ATP-binding cassette or ABC transporters are a class of ATP-driven pumps that hydrolyze ATP to move solutes across the membrane. They can be grouped into importers and exporters. While exporters are present in all domains of life, importers exist only in bacteria and some plants.
In bacteria, based on the number of transmembrane helices and the chemical nature of their substrates, the ABC importers can be divided into three types:
Additionally, for the substrate to bind and be translocated, the bacterial importers have substrate-binding proteins (SBP). In gram-negative bacteria, a high-affinity periplasmic SBP typically delivers the solute to the importer present in the inner membrane that pumps it into the cytosol. However, gram-positive bacteria lack the periplasm; hence their binding protein is often a lipid-anchored external SBP, while some also have the binding proteins fused to the transmembrane domain of the transporter itself.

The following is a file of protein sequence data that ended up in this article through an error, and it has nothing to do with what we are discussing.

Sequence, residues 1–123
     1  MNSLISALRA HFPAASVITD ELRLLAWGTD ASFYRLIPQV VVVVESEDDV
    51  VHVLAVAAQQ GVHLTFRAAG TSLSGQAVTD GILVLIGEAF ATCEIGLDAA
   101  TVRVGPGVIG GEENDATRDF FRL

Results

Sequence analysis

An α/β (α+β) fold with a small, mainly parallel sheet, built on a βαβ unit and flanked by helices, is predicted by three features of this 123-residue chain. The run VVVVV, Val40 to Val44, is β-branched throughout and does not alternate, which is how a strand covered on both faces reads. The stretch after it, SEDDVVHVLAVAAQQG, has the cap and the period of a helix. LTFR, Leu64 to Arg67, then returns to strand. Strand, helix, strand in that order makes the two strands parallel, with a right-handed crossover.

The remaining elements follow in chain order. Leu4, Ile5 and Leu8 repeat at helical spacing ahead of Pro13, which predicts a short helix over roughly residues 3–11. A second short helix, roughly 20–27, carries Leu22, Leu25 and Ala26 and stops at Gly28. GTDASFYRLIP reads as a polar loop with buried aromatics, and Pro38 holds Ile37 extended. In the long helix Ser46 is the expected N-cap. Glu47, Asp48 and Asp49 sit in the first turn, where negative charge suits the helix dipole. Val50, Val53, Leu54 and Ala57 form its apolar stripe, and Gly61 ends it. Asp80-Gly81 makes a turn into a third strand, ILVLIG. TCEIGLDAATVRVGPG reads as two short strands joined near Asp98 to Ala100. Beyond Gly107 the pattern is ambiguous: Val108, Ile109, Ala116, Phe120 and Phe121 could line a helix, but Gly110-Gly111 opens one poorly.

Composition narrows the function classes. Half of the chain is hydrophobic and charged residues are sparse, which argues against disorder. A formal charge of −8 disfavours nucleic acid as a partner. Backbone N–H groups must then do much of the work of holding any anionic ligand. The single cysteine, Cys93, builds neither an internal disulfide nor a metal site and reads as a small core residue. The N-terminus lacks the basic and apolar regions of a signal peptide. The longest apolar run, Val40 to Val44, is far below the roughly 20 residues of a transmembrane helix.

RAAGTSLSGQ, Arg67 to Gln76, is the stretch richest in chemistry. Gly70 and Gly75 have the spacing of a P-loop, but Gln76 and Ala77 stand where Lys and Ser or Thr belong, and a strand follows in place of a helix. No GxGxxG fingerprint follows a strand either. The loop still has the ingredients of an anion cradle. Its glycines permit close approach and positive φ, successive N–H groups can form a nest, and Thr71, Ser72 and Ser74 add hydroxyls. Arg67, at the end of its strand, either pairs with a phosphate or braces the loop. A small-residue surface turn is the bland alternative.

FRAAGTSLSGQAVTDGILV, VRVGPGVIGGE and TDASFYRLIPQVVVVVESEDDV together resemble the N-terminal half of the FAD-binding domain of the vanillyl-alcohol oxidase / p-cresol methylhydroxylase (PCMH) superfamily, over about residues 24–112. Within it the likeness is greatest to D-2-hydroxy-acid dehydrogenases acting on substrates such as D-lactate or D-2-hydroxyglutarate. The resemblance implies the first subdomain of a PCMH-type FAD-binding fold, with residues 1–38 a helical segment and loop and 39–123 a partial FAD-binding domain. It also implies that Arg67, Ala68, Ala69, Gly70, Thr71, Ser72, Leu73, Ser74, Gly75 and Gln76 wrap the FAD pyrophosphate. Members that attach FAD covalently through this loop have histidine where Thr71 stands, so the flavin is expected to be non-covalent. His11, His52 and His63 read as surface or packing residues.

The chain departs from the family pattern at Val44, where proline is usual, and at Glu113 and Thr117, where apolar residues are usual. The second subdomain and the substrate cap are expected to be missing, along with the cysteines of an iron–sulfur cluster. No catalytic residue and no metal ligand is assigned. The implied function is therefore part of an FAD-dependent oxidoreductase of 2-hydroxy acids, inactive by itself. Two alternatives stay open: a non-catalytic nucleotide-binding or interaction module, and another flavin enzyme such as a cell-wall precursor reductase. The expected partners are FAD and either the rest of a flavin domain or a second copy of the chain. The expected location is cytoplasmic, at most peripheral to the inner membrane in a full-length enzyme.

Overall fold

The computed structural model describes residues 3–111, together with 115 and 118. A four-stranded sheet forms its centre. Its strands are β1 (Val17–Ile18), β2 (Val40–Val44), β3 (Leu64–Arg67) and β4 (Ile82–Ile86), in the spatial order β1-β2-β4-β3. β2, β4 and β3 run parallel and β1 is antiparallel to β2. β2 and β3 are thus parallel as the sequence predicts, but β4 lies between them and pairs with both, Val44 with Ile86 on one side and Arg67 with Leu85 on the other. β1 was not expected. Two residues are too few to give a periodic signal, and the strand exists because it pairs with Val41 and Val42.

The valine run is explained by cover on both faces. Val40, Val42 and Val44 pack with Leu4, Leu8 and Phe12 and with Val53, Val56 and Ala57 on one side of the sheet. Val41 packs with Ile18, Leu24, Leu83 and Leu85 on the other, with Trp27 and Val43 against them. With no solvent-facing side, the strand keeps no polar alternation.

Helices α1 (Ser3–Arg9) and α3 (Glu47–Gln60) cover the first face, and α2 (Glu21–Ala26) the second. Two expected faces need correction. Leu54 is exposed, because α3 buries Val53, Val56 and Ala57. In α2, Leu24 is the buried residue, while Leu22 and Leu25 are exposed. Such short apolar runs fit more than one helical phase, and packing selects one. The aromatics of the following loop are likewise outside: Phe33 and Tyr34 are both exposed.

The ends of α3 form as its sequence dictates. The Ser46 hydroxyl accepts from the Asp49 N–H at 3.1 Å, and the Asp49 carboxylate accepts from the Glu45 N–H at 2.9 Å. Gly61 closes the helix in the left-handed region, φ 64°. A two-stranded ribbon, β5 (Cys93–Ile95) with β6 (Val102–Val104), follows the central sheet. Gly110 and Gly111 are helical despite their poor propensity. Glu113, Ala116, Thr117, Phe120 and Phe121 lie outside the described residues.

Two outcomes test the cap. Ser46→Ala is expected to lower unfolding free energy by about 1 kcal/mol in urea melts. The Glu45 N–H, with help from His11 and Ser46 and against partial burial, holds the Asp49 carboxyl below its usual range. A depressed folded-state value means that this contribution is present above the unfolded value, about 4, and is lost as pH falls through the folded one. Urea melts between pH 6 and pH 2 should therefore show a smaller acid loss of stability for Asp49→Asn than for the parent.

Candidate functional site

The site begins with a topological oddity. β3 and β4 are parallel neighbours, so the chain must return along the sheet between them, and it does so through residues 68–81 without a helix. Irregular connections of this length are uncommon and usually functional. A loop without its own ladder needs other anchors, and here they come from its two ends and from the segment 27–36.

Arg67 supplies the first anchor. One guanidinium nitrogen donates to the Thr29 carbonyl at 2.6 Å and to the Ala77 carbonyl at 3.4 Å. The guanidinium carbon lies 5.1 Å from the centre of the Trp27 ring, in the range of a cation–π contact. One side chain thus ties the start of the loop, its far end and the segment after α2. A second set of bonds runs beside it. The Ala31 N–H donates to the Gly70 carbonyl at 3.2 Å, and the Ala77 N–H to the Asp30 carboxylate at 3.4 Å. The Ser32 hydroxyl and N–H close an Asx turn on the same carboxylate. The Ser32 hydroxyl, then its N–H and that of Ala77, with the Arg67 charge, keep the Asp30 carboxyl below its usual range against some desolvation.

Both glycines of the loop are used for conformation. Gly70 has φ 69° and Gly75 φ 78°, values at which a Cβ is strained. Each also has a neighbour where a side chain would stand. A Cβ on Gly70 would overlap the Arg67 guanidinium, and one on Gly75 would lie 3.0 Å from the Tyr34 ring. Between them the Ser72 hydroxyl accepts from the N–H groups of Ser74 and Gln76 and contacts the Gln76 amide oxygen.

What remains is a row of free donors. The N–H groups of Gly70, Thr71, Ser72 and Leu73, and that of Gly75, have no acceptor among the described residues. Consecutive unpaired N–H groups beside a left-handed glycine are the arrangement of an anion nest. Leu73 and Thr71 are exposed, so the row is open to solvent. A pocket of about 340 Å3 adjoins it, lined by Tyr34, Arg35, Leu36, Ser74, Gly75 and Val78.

ABC importers are absent in mammals which increases the promise of these importers as therapeutic targets. For example, Mycobacterium tuberculosis, which causes tuberculosis, remains a significant health concern owing to its high mortality rates worldwide. It imports substrates to meet the requirement of nutrient uptake, maintenance of cell integrity, communication, and pathogenicity. Therefore, targeting its importers with antimicrobialsthat mimic transporter substrates, could be a potential drug treatment option.
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